Scott Devito, Kelsey Hample, Erin Lain EXAMINING THE BAR EXAM: AN EMPIRICAL ANALYSIS OF RACIAL BIAS IN THE UNIFORM BAR EXAMINATION 55 University of Michigan Journal of Law Reform 597 (Spring, 2022) The legal profession is among the least diverse in the United States. Given continuing issues of systemic racism, the central position that the justice system occupies in society, and the vital role that lawyers play in that system, it is incumbent upon legal professionals to identify and remedy the causes of this lack of diversity. This Article... 2022  
Jennifer A. Gundlach , Zeus Smith EXPANDING THE FEDERAL WORK PRODUCT DOCTRINE TO UNREPRESENTED LITIGANTS 30 Georgetown Journal on Poverty Law and Policy 49 (Fall, 2022) Clerks' offices in federal courthouses across the country designate individuals who do not have counsel as pro se, a term that comes from the Latin in propria persona meaning for oneself. The term is ambiguous as to the reasons why individuals appear without counsel. While some may purposefully choose not to hire a lawyer, for many it is not a... 2022 yes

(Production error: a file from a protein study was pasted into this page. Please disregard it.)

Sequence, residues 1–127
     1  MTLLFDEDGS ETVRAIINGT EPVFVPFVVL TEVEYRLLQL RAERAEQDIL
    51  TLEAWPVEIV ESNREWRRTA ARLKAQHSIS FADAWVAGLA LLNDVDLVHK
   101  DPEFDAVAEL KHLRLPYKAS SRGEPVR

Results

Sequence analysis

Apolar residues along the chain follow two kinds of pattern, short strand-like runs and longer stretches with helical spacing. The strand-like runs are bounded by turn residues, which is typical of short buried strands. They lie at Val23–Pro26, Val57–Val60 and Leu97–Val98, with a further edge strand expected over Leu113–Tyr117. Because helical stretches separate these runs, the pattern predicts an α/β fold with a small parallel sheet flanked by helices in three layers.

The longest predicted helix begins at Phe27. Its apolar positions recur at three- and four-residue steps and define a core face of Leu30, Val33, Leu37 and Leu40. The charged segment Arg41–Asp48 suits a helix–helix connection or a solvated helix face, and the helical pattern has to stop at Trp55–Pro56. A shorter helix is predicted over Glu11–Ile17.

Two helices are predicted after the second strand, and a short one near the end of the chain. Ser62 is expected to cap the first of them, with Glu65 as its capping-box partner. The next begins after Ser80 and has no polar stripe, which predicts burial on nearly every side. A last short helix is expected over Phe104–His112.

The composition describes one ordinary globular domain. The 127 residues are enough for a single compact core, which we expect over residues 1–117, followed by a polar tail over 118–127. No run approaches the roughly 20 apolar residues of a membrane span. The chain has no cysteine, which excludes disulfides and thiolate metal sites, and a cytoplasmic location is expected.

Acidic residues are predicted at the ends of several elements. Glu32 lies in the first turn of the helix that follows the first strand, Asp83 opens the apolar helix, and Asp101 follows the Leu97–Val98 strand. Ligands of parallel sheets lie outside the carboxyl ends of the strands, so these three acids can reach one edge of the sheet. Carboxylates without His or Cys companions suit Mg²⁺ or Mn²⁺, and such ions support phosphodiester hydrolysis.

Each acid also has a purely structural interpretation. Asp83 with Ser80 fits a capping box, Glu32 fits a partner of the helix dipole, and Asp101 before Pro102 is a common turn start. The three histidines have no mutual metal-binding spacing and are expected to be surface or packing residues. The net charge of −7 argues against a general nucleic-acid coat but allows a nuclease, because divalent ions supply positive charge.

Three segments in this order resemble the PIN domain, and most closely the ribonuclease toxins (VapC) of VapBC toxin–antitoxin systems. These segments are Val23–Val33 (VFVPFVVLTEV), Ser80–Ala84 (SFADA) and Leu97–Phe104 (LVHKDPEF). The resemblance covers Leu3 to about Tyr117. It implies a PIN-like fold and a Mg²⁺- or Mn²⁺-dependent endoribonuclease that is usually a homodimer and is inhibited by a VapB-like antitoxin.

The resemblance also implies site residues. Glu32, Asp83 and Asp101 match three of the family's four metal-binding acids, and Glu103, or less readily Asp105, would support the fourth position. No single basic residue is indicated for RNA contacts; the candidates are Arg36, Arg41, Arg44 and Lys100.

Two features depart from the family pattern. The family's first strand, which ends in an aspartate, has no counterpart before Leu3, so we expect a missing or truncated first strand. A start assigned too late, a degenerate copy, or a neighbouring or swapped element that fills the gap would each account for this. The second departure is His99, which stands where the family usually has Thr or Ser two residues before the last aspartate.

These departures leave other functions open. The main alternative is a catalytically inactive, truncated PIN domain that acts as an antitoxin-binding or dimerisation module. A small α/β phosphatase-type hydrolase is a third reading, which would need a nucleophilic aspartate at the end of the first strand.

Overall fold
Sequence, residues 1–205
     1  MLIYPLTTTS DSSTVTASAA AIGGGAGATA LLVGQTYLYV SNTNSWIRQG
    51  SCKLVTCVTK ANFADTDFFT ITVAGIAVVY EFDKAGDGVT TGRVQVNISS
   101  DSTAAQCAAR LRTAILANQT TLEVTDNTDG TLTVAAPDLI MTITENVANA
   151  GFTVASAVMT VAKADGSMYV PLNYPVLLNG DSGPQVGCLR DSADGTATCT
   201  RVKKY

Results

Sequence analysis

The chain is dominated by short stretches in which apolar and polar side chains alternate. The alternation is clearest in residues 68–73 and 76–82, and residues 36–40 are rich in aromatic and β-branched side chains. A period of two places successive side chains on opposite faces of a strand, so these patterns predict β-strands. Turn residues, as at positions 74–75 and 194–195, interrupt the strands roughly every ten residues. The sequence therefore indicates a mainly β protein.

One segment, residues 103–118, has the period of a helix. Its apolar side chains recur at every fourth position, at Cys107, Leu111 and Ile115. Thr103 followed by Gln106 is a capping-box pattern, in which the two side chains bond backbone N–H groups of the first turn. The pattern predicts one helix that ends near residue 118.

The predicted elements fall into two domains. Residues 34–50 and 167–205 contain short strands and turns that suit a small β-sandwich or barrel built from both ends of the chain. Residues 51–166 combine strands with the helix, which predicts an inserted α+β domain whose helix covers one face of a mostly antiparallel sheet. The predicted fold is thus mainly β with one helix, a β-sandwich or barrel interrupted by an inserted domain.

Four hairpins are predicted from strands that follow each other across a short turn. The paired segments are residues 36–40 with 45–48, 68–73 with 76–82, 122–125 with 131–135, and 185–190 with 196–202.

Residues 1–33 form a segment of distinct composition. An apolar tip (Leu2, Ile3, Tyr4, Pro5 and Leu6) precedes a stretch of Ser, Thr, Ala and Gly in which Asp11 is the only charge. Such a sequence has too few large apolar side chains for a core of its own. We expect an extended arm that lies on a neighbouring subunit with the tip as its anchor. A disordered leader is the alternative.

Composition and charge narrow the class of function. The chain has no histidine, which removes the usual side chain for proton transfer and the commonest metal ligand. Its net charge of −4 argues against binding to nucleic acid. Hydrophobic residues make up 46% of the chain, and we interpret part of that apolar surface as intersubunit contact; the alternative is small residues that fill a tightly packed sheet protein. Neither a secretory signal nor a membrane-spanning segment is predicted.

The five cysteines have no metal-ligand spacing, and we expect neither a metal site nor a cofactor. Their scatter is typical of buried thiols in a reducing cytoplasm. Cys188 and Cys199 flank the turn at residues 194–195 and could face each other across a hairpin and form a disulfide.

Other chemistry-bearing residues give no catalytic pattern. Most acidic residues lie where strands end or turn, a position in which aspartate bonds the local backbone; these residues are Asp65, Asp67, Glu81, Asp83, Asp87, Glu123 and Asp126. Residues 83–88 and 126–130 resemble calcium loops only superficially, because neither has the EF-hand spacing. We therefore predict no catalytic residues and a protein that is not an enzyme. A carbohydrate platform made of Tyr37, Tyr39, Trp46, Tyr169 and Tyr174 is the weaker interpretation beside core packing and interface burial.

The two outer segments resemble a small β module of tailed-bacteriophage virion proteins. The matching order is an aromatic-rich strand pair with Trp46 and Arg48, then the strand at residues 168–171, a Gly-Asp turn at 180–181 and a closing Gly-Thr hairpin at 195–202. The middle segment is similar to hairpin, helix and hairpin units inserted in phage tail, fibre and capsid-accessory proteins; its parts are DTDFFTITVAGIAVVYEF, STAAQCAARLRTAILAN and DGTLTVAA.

Alysia Lo EXPERT TESTIMONY ON FALSE CONFESSIONS: AN OLD PSYCHOLOGICAL PROBLEM WITH NEW CHALLENGES IN NEW YORK COURTS 50 Fordham Urban Law Journal 107 (November, 2022) Introduction. 108 I. Wrongful Convictions and False Confessions. 116 A. The Problem of False Confessions. 117 B. Supreme Court Cases on Psychological Interrogation. 122 C. The Disproportionate Impact of False Confessions on Marginalized Populations. 123 II. The Problem of Expert Testimony. 127 A. The Case for Admitting Expert Testimony. 129 B. The... 2022  
Eleanor Brown , Naomi Cahn , June Carbone FERTILITY, IMMIGRATION, AND PUBLIC SUPPORT FOR PARENTING 90 Fordham Law Review 2485 (May, 2022) Introduction. 2485 I. Fertility, Race, and Family Support. 2491 II. Fertility, Immigration, and Support for Children. 2496 III. The Second Demographic Transition and Converging Destinies. 2499 IV. Do Converging Fertility Rates Reflect a Convergence in Family Values?. 2502 Conclusion. 2505 2022